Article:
There are at least three more camps within a 50 mile radius that have a “full house” all summer and many weekend groups throughout the rest of the year… two are church camps and the other is run by the FFA. Their solution is simple… They have a co-ed program and a co-ed staff!

    I shuttered when I first learned of this! How in the world would they be able to “control” teenagers living in such close quarters? It was explained that these kids already knew how to “properly” react with each other from their schools, farms, churches, etc. – Yes, guidance is necessary – and expected. Run a good program and they will come, learn and behave! Perhaps it is time for the “Ladies” to let down their hair and the “Gentlemen” to cease bragging about their strength and get down and dirty together!!!

    Now retired, I find my most memorable moments have come from camping… and I now wonder how much more I would have learned were it to have been a co-ed experience…. JOIN FORCES GSA and BSA – Alone you are missing the boat and kids and parents are obviously joining and supporting co-ed groups!

  8. Why is there such a push to make the BSA Coed across all ages, not just Exploring and Venturing? But no push to make the GIRL Scouts COED? I have never seen lawsuits to allow boys into Girl Scouts, and no bad publicity because the Girl Scouts are not Co-ed and not opening up their camps and activities to boys and Young Men.

    • I hate to say this, but the current Girls Scouts program today is so bad, that boys are not interested in it, and girls are leaving in droves.

      Kinda sad when an organization doesn’t listen to its base.

      Also kinda sad when an organization is being pressured to change because another organization is not meeting the needs of its constituents.

    • The girls don’t want to be in girl scouts either. The girl scout program is awful. The only way we stayed in it for several years was running them in conjunction with Cub/Boy Scouts. Eventually though we have had to do our own thing until the girls could join Ventures as I was tired of helping raise funds for executives who did nothing for the girls or their own program.

  9. Scouting offers a wonderful program for the whole family. By that, I mean the Boy Scouts of America offers what is needed for every gender. There is nothing in the “Boy” Scouts which is gender specific. Girls Scouts in contrast, while once a comparable program is now only about selling cookies (and the GS name on anything they can put it) to pay for executives retirement. As a father of four girls and two boys, our Girl Scout Troops joined our Cub and Boy Scouts to do the Cub/Boy Scout activities all up to but excluding summer camp.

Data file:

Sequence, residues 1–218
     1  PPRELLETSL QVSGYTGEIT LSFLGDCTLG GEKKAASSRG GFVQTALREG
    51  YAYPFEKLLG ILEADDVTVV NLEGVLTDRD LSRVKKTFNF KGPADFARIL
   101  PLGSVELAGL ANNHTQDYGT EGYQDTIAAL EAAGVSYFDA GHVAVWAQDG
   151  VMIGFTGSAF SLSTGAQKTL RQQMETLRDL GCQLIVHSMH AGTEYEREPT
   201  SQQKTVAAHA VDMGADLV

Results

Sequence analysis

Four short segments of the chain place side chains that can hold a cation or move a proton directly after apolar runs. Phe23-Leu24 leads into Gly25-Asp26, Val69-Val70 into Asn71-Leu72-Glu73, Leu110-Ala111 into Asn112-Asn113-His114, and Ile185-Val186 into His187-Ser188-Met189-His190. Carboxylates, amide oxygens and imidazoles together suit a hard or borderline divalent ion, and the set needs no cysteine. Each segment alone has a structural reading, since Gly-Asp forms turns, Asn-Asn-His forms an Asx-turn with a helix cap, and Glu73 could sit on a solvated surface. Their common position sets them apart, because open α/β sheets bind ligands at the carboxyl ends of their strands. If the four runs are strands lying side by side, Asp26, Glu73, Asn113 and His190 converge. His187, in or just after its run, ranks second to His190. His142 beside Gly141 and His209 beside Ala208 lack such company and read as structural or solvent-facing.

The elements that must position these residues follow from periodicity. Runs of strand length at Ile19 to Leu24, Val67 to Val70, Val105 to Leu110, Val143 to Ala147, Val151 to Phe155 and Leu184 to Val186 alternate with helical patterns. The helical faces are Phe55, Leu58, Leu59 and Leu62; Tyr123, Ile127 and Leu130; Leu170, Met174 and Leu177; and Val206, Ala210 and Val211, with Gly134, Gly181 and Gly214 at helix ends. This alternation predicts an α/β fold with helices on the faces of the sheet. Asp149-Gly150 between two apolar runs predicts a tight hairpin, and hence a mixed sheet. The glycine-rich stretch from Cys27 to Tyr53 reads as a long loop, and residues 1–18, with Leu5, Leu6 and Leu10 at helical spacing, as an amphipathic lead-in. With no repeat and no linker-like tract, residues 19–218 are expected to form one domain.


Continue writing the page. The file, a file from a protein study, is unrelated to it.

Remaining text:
While my boys learned pioneering, first aid, lifesaving, riding and the care of horses, my girls summer camp activities including riding ponies around a circle, and some arts and crafts. They went twice to camp and had enough of Girl Scouts. They used the small percentage they received from cookie sales to do more fun activities. Little wonder my older daughters were excited to join Ventures a few months ago and they had a great time at camp doing the “boy” things.

    What I have no good answer for though is why girls can’t earn Eagle.

    How is it girls can be a part of Scouting at an age of 14 when there are more concerns on having both sexes together?

    The only response I hear is that, “It is for boys.” No response as to why. I heard that same argument for women adult leaders and Scouts with handicaps.

    Scouting is not about creating testosterone filled super atheltic men. Scouting is to create our future leaders, to be physically fit, mentally awake and morally straight. That includes the entire family.

  10. Including the “entire family” is untried. Traditional scouting has included only the most capable adults in the community since its inception. It has exclude adults from the advancement method for 5 decades.

    Put simply: there are good scouters who will not stay in the program if girls are welcome further. The good scouters who will replace them if BSA fields a co-Ed program are few.

    One need only look to the rapidly declining numbers in venturing to see that going co-Ed Is unpopular.

    The reason, accept it or not, rests in a firm belief in unisex programming as voiced by our chief scout executive on many occasions, including most recently here

    Unless there is a sea change in this country where parents in large majority are willing to send boys and their girlfriends scouting together, opening BSA to girls will continue to be a niche market. That sea change might come through encounters at World Jamboree. It might come through tens of thousands of families joining Campfire USA, or an independent scouting organization. But, until America can convince thousands of scouters that the boys the want to reach are only accessible if they welcome girls, I’m afraid we’re deadlocked.